Weather rambling — December 1893

Maury Thompson
4 min readDec 1, 2023

Winter weather arrived in the Glens Falls area about three weeks ahead of the Solstice.

“The ice on the five-mile level of the Champlain Canal is an inch thick and on Wood Creek and in the canal, from Fort Ann to Fort Edward, half an inch. Navigation is closed for the year,” The Granville Sentinel reported on Dec. 1, 1893.

“The snowstorm yesterday was the first of any account of the fall and may be set down as the first of the season,” The Morning Star of Glens Falls reported on Dec. 2, 1893.

It snowed again.

“Snow began falling early yesterday morning, and by two o’clock in the afternoon Mother Earth was blanketed by a foot of the ‘beautiful.’ Later on, a rain set in and continued at intervals during the rest of the day,” The Morning Star reported on Dec. 4.

“Several of the streetlights did not show up last night when the current was turned on,” the report continued. “Rain and sleet had covered the lamps with ice, and the carbons could not drop to their proper places. Electrician Cashion remedied the difficulty by loosening the carons from the grip of the Ice King.”

It was expected to be a long Winter.

“Foster, who is second only to our Brady as a weather prophet, stakes his reputation on the prediction that this is to be an unusually cold winter.”

It was 10 below zero at Warrensburg and North Creek on Dec. 5.

Loggers were getting an early start.

“Finch, Pruyn & Co. and the Morgan Lumber Company will send a number of men and teams to the north woods this week to be employed there during the winter,” The Morning Star reported on Dec. 6, 1893.

The early snow was good for commerce.

“The first beneficial effects of seasonable winter weather were felt by our local merchants yesterday. The fine sleighing and beautiful weather were magnets that drew people in town from all directions, and the streets easily presented an animated appearance,” The Morning Star reported on Dec. 7. “A Star reporter at one time during the afternoon counted forty-two rigs between the Ordway building and the Merchant’s bank, most of them from out of town.”

The mood was whimsical.

“Every kind of sleigh was pressed into service, and the tinkling bells made merry music all afternoon. The frosty air brought a brilliant color into dainty cheeks, and the rippling laughter of many mirthful maidans made a charming accompaniment to the melody of the bells. Even those who had to walk seemed to imbibe vigor from the … atmosphere.”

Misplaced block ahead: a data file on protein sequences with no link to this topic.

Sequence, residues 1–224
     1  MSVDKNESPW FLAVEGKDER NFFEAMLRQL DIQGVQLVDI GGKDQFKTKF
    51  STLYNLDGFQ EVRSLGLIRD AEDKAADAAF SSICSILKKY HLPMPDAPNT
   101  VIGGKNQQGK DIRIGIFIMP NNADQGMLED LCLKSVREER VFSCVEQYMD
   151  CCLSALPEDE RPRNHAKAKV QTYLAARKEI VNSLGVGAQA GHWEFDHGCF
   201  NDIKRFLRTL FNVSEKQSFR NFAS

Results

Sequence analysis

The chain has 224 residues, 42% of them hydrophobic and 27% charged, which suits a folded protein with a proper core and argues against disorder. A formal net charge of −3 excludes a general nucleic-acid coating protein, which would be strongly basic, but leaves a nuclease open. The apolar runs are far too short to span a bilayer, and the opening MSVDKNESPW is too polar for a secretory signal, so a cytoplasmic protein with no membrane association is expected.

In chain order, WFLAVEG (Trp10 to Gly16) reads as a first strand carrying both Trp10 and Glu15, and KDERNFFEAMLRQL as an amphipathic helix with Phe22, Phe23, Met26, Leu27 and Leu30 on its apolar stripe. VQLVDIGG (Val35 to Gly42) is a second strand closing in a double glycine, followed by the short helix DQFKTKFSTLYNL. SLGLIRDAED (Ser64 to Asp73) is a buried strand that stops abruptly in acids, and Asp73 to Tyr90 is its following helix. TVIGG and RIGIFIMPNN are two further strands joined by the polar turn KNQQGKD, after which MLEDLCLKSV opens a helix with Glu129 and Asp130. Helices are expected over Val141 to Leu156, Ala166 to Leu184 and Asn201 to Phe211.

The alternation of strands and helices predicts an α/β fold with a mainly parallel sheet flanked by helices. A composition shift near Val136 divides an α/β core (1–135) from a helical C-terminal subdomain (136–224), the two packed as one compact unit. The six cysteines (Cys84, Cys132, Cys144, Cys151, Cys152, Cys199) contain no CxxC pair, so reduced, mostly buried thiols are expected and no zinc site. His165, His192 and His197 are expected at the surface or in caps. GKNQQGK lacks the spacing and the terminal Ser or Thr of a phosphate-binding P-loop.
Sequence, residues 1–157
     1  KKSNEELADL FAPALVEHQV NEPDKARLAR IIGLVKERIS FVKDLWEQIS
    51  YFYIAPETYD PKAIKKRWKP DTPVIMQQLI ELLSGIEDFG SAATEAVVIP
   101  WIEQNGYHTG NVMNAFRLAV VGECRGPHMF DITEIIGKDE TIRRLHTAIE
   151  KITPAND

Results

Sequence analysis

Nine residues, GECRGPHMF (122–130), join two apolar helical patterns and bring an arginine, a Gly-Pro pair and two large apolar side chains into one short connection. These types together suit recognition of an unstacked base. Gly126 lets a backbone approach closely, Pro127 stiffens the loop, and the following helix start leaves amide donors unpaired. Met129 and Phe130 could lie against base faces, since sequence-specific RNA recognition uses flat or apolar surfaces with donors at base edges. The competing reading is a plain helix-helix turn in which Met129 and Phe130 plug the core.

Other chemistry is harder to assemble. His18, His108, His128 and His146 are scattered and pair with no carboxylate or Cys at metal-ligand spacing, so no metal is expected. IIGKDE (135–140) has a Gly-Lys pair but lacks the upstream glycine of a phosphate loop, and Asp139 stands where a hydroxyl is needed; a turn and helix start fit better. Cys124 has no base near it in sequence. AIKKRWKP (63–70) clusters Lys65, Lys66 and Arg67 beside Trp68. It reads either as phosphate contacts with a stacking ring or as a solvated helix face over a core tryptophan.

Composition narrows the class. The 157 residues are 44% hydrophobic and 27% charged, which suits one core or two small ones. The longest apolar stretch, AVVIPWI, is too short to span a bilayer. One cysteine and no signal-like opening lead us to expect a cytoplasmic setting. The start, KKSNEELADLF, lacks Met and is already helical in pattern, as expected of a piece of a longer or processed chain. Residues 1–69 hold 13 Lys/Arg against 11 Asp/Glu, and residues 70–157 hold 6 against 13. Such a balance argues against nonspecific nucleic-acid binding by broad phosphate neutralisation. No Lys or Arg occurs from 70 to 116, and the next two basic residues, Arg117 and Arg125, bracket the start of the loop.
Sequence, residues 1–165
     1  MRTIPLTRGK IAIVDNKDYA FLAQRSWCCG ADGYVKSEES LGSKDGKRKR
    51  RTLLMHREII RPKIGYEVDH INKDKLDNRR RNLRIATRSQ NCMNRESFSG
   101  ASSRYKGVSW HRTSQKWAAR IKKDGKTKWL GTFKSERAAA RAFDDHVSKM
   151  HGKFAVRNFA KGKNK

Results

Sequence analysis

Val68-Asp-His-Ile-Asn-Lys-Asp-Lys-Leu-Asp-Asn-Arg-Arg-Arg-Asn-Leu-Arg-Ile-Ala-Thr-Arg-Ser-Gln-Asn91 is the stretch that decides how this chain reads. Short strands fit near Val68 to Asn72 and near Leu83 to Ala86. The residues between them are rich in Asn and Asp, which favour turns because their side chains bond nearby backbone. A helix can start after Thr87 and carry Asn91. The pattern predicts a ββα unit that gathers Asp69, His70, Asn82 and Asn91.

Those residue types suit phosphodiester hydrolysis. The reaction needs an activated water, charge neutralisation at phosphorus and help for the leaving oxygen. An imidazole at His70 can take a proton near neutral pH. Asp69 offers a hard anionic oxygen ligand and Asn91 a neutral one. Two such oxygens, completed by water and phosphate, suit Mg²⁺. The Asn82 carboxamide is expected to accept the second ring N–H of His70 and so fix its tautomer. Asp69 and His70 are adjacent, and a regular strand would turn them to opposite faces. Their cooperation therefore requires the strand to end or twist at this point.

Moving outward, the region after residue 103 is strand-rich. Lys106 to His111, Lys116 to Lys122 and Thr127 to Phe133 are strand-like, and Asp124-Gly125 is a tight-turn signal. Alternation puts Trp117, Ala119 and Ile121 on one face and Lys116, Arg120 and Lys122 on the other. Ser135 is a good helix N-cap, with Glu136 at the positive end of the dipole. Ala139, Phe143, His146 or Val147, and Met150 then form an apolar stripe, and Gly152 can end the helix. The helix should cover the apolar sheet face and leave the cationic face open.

Sleighing also was good up-county.

“About eight inches of snow fell Saturday night and Sunday, which makes very good sleighing,” the Hague correspondent reported in The Morning Star on Dec. 9.

“The sleighing is excellent and almost everyone not having any work to do is taking advantage of it,” the Chestertown correspondent reported.

“Snow, snow beautiful snow! — twelve inches of it,” the South Harford correspondent reported in The Granville Sentinel on Dec. 8. “And there was lots of cuss words used when the boys had to shovel out paths! It was a good deal like digging a ditch through clay.”

There was a brief thaw.

“The thaw on Sunday improved the sleighing considerably, but it has left the sidewalks in an icy and dangerous condition,” The Morning Star reported on Dec. 12.

The thaw did not last.

“Quite an edge on the atmosphere this morning,” The Morning Star reported on Dec. 13. “At two o’clock Pearsall’s thermometer registered four degrees below zero. The driver of the stage reported thirteen below zero at Fort Edward.”

Lumbering had begun in earnest at West Mountain, where “replenishing the wood pile is the order of the day,” The Morning Star reported on Dec. 14. “Ames & Baldwin’s thermometer registered eleven degrees below zero at two o’clock in the morning.”

On Dec. 14 it was 22 below at Patten’s Mills and 30 below at Indian Lake.

“Weather Prophet Brady’s prediction that we would have a snowstorm on December 19 has been verified,” The Morning Star reported.

“The signs are promising for the ice dealers. Teams commenced crossing the river on the ice above the dam yesterday,” The Morning Star reported on Dec. 21.

There was another warming trend.

“The thaw which began Friday (Dec. 22) and continued during Saturday and Sunday materially reduced our supply of snow,” The Morning Star reported on Dec. 25. “With the existing foundation of ice, however, it is not likely that the sleighing will be entirely destroyed.”

“The thaw about ruined the sleighing,” The Hartford correspondent reported in The Granville Sentinel on Dec. 29.

Poor sleighing temporarily shut down logging.

“The people are anxiously looking for an improved condition of the sleighing which has nearly disappeared, bringing lumbering to a standstill,” the West Mountain correspondent to The Morning Star wrote on Dec. 28.

The thaw caused flooding.

“The freshet on Monday undermined about thirty feet of the Adirondack Railway track one mile south of Thurman, and the early passenger train yesterday morning was delayed three hours by the work of making repairs,” The Morning Star reported on Dec. 27.

The thaw was brief.

“The recent heavy thaw and the ensuing cold snap has put the ice on the river above the falls in excellent condition, and hundreds of young people were out enjoying the skating yesterday afternoon and evening. One can skate from the falls for a long distance up the river, and he will find solid, glary ice for most of the distance,” The Morning Star reported on Dec. 28.

“The snow and the warmer weather yesterday spoiled the skating to a certain extent, but it improved the sleighing wonderfully, although it left the sidewalks in a very slippery condition,” The Morning Star reported on Dec. 29.

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Maury Thompson

Freelance history writer and documentary film producer from Ticonderoga, NY